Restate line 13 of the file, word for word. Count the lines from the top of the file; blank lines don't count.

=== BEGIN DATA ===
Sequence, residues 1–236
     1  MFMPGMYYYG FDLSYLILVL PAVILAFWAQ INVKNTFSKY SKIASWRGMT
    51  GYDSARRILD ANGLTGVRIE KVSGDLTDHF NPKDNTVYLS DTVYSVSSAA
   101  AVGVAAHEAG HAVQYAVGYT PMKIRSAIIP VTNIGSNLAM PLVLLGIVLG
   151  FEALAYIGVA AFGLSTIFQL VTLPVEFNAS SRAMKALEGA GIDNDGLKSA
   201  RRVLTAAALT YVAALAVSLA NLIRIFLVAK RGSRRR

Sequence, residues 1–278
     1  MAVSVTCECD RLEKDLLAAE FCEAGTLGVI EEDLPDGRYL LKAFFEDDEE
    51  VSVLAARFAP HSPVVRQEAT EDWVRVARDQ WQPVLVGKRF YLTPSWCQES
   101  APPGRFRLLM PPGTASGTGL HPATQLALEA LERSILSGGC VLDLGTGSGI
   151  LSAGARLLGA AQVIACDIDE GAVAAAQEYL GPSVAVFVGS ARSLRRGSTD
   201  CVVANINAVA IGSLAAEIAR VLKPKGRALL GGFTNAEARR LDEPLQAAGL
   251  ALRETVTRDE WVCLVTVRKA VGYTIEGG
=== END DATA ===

   251  ALRETVTRDE WVCLVTVRKA VGYTIEGG